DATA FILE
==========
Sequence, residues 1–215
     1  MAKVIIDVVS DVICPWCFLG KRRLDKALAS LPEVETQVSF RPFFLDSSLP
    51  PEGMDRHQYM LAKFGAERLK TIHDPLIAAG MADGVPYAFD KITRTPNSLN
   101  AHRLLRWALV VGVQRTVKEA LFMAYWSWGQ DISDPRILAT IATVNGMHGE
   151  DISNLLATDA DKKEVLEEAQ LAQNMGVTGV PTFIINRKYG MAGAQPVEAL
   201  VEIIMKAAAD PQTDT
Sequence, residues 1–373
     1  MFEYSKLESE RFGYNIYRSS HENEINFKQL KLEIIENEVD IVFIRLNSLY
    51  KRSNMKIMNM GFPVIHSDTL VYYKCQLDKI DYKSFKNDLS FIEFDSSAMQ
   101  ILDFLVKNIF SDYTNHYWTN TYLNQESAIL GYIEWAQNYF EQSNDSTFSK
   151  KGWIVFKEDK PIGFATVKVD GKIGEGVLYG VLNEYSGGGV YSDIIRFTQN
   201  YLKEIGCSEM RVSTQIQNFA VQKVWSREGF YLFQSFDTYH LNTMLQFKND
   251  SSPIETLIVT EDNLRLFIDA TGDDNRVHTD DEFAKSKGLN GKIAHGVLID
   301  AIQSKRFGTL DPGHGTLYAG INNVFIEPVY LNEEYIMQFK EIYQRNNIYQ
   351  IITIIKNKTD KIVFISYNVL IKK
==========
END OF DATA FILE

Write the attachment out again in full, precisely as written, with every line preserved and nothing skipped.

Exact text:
Sequence, residues 1–215
     1  MAKVIIDVVS DVICPWCFLG KRRLDKALAS LPEVETQVSF RPFFLDSSLP
    51  PEGMDRHQYM LAKFGAERLK TIHDPLIAAG MADGVPYAFD KITRTPNSLN
   101  AHRLLRWALV VGVQRTVKEA LFMAYWSWGQ DISDPRILAT IATVNGMHGE
   151  DISNLLATDA DKKEVLEEAQ LAQNMGVTGV PTFIINRKYG MAGAQPVEAL
   201  VEIIMKAAAD PQTDT
Sequence, residues 1–373
     1  MFEYSKLESE RFGYNIYRSS HENEINFKQL KLEIIENEVD IVFIRLNSLY
    51  KRSNMKIMNM GFPVIHSDTL VYYKCQLDKI DYKSFKNDLS FIEFDSSAMQ
   101  ILDFLVKNIF SDYTNHYWTN TYLNQESAIL GYIEWAQNYF EQSNDSTFSK
   151  KGWIVFKEDK PIGFATVKVD GKIGEGVLYG VLNEYSGGGV YSDIIRFTQN
   201  YLKEIGCSEM RVSTQIQNFA VQKVWSREGF YLFQSFDTYH LNTMLQFKND
   251  SSPIETLIVT EDNLRLFIDA TGDDNRVHTD DEFAKSKGLN GKIAHGVLID
   301  AIQSKRFGTL DPGHGTLYAG INNVFIEPVY LNEEYIMQFK EIYQRNNIYQ
   351  IITIIKNKTD KIVFISYNVL IKK